After an intern has successfully completed a Yoga teacher training course, he or she is looking for teaching positions and considering many side issues. One of the main issues is liability insurance. Below is a question and answer session regarding Yoga teachers and liability insurance.
Q. What if a student did not indicate a specific health issue and has a problem, ailment, or physical condition that I am unaware of?
A: You cannot read minds, but you can develop a preliminary questionnaire for all of your students to answer, before they enter your classes. A detailed questionnaire makes you aware of their ailments and limitations. For Yoga teachers, negligence is when we take risks with our student’s health and well being.
Negligence also happens when we know of a pre-existing problem, but we fail to take action, by creating a safe environment and practice for our students. If a student does not tell you about his or her pre-existing health conditions, when you have an established track record of establishing student safety policies, you cannot be held responsible for a student’s actions.
Q. Likewise, what if a student indicates a pre-existing condition and then does not follow teacher safety guidelines and corresponding information for student safety?
A: You should continually mention safety precautions during your classes. Sometimes, a stubborn student may have to be warned or advised to stop practicing in your Yoga classes. If a student is taking risks against your advice, you should address this directly. You are not responsible for students who do not follow your advice in regard to their safety.
Q. How do teachers protect themselves from being the subjects of lawsuits?
A: Firstly, anyone can be sued for anything. It’s a matter of whether a judge feels a case has legitimacy. A small number of Yoga teachers could find themselves at risk for accusations regarding negligence, lack of ethics, or harassment lawsuits. However, there are very few Yoga students who have ever complained about negligence, ethics violations, or harassment.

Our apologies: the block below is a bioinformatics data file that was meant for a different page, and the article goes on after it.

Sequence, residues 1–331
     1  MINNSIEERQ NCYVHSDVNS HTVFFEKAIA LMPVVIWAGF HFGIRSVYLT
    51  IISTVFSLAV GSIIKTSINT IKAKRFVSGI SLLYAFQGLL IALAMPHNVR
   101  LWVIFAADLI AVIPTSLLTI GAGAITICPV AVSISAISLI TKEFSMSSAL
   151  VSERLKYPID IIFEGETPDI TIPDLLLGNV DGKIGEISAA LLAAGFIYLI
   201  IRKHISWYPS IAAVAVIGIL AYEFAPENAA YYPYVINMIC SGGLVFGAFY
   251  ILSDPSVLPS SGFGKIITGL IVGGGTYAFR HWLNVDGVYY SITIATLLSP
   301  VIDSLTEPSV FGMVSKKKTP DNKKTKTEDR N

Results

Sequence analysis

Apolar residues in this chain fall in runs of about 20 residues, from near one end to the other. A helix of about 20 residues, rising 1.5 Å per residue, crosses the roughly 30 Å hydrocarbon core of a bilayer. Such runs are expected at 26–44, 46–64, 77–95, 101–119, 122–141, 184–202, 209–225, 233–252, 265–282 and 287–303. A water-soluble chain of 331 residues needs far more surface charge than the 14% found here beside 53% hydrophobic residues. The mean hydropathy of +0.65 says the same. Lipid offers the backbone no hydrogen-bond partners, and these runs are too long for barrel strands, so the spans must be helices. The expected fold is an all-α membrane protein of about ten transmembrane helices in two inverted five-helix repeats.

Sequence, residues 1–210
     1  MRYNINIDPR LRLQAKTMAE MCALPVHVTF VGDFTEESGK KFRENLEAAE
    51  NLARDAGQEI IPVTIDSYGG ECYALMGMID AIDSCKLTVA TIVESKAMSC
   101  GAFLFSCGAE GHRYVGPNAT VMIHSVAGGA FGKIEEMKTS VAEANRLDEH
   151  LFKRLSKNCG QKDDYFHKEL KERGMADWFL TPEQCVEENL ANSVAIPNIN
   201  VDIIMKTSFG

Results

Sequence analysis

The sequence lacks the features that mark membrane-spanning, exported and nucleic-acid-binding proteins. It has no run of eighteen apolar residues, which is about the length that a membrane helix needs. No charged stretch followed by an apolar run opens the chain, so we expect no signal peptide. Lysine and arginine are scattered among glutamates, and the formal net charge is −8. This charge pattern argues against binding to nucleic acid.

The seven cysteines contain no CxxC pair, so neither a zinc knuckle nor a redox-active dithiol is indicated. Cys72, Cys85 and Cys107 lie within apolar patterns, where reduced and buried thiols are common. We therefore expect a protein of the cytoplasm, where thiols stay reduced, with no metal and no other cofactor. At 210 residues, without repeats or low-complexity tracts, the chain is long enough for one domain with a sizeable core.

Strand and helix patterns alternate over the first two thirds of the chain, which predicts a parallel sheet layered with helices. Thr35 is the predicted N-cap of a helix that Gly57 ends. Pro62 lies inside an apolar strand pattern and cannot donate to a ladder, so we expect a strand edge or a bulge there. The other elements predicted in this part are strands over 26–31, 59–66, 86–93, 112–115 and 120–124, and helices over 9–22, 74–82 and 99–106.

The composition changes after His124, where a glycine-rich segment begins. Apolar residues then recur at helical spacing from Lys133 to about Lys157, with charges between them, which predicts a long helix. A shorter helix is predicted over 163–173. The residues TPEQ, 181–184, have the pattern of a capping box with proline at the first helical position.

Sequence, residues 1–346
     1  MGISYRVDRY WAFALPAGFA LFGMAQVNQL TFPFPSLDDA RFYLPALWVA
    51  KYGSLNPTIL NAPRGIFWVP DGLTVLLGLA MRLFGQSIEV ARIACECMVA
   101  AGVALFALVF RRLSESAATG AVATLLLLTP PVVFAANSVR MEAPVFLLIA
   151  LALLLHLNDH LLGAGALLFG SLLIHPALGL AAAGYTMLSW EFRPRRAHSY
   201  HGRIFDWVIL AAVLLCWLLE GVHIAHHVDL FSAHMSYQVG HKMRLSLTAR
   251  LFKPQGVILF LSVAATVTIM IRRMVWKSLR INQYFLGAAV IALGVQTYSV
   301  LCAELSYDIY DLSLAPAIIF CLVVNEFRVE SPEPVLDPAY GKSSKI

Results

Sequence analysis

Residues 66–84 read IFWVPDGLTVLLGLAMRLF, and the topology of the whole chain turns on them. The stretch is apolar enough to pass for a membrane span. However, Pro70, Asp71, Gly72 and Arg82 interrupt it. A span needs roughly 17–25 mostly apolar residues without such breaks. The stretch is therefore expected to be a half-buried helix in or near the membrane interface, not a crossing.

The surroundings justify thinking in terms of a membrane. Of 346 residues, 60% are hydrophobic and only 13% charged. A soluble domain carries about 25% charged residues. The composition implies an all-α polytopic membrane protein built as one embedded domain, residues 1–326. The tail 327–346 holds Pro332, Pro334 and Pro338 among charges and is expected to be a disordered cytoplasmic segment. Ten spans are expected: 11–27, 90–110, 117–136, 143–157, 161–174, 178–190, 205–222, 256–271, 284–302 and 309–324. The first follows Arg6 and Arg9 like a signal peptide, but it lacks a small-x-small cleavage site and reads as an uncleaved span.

This is one more reason why certified Yoga teachers should be active in their continuing education. As long as you have a track record of professional behavior, establishing safety guidelines, giving modifications, watching your class, and building a rapport with students, you should be fine. Giving an extra safety tip, making handouts available, or mentioning a specific contraindication, during your classes, establishes a history of your deep concern over student safety.
Q. What are your thoughts about Yoga teachers acquiring liability insurance?
A: Most Yoga teachers have liability insurance for themselves or the entire staff at the center. Teachers should consider Yoga or sports liability insurance, depending upon the reputation of the company and the rates. Most teachers admit, they never had to use it; but liability insurance gives each teacher a “safety net.” You never really know if any insurance is good until you have a problem.
© Copyright 2010 – Paul Jerard / Aura Publications
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